To ESRI’s Thompson, GIS Mapping Innovations Are The ‘Canvas On Which We Draw the Story of Analysis’
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customer profiling. “We’re now in our third major version of that software,” Thompson says. “We’ve been able to keep evolving the software in the cloud…It’s software you buy as a service and tailor to a problem, so customers can configure and customize it.”
Apart from this increasing capability to provide detailed market data and customer profiles for local regions, Thompson identifies a couple of other trends of increasing innovation.
One trend in GIS innovation stems from creating GIS mapping “masks,” or layers of mapped information, that can be easily substituted. As a result, Thompson said, “you can change the underlying data set on your iPhone application” from a map of gas stations in downtown San Diego to a map of restaurants, or a map of surfboard shops in the same area.
Another involves the convergence of GIS mapping technologies with software analytics. “There is a fundamental place for combining these highly accurate systems with enormous data mining capabilities,” Thompson said. “I consider that to be the canvas on which we draw the story of analysis.”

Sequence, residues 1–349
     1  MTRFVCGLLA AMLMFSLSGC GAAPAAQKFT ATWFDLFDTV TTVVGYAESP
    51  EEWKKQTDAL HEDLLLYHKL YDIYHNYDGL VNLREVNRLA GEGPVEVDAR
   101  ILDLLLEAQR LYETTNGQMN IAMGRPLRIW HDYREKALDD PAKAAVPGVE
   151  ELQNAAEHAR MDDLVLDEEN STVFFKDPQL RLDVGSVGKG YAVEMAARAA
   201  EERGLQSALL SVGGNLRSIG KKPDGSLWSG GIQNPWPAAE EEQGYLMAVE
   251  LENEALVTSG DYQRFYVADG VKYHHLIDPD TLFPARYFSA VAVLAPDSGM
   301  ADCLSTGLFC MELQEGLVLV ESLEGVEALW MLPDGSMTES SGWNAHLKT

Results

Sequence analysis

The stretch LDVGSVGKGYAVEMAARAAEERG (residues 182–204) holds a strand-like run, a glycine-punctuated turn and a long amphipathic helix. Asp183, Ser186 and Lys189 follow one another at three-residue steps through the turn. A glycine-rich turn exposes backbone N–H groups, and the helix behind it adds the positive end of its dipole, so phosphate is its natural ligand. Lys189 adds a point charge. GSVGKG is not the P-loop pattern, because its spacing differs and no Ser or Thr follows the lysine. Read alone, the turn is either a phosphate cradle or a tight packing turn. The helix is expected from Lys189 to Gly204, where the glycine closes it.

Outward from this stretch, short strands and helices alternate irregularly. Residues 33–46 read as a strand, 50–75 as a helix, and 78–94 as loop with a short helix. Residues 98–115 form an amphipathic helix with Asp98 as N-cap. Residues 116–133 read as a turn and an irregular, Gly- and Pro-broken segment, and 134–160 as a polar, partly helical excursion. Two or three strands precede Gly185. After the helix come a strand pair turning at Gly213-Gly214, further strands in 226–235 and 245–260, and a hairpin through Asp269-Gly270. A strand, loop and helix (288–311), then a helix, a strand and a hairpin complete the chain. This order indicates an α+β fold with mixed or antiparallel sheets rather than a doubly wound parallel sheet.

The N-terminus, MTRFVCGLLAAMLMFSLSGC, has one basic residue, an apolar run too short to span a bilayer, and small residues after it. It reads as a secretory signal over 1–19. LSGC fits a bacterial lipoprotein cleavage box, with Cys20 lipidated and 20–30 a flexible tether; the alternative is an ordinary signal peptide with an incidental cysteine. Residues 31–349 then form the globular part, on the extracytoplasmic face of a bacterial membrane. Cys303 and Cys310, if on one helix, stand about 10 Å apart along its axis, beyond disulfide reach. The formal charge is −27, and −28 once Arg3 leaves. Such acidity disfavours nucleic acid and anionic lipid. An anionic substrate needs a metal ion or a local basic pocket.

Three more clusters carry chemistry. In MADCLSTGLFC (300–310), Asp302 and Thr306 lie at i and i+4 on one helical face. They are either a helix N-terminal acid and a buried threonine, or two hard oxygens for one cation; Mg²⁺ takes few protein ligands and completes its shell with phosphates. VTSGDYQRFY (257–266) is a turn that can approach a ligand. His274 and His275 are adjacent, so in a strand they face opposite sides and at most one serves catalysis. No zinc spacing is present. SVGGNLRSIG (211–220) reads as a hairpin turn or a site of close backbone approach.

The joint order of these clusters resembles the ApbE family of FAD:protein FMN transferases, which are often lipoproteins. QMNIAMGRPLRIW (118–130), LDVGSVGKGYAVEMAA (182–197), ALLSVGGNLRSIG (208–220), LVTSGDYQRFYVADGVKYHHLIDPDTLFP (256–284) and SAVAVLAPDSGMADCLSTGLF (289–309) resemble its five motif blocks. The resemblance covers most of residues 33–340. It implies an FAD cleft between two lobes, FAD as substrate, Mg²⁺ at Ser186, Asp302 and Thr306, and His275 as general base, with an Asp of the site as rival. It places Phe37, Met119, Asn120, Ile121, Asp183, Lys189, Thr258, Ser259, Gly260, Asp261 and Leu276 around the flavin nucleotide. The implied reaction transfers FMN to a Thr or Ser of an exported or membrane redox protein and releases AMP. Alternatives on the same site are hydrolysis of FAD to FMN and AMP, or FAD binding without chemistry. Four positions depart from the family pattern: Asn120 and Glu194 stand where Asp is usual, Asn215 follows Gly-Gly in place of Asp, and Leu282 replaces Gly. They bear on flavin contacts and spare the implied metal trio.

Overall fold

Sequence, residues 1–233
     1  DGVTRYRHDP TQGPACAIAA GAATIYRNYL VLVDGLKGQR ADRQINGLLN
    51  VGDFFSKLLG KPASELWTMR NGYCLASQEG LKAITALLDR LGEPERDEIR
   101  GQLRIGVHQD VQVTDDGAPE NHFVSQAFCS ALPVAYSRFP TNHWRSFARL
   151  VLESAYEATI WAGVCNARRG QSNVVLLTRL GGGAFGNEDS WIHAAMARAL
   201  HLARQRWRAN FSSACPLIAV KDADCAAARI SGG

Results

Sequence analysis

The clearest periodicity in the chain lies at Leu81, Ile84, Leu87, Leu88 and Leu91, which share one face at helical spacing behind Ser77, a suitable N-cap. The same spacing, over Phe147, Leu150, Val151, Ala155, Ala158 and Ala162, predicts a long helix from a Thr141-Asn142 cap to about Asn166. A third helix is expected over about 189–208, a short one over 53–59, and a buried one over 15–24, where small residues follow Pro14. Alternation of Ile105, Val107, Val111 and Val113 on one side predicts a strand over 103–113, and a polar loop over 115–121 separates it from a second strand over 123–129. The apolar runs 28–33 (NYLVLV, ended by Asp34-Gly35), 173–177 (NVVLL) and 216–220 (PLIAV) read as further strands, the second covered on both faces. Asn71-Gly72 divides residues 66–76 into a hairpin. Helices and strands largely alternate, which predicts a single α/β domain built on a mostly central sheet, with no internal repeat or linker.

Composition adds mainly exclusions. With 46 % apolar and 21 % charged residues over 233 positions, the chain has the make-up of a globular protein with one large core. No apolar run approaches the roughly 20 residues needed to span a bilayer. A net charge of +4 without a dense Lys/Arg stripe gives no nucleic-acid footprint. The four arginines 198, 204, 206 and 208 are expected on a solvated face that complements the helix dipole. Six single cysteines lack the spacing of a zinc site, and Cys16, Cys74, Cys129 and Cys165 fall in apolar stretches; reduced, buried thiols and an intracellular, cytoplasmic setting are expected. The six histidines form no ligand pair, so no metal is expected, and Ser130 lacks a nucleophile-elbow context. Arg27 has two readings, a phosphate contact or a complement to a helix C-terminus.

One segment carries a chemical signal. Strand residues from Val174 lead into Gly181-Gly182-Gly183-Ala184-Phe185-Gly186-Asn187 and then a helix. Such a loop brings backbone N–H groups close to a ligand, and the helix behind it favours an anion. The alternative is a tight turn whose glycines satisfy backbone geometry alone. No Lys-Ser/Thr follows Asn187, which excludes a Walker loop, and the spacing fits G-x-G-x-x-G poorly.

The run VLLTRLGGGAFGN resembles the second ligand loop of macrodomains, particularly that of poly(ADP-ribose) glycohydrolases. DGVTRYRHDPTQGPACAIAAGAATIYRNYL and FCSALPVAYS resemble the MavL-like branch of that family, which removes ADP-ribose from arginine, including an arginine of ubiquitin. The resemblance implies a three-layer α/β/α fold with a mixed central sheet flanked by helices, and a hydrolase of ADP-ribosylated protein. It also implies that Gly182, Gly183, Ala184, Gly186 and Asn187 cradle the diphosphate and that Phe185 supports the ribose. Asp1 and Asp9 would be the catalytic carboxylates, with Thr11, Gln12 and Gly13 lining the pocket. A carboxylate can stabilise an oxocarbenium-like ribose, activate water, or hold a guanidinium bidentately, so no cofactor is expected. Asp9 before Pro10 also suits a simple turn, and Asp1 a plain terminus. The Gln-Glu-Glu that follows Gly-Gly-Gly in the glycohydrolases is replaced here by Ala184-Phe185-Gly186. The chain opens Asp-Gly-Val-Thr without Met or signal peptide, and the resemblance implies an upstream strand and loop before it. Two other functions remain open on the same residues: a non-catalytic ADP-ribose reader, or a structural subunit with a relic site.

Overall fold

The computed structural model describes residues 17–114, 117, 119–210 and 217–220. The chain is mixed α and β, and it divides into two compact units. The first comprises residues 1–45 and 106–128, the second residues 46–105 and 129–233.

So, for example, a San Diego-based GIS company called The Omega Group has adapted ESRI mapping technology to allow police and fire agencies throughout San Diego County to combine their incident reports. “It allows all members of police and fire agencies to take advantage of visualization, reporting, and analysis,” says Milan Mueller, The Omega Group’s president. As a result, Mueller said police investigators can see crime patterns that might not be visible otherwise, such as clusters of burglaries that are occurring in different cities. Using more sophisticated software analytics, ESRI’s Thompson says it’s possible to answer more difficult questions, such as, “why is this Federal Express package delivery running late?”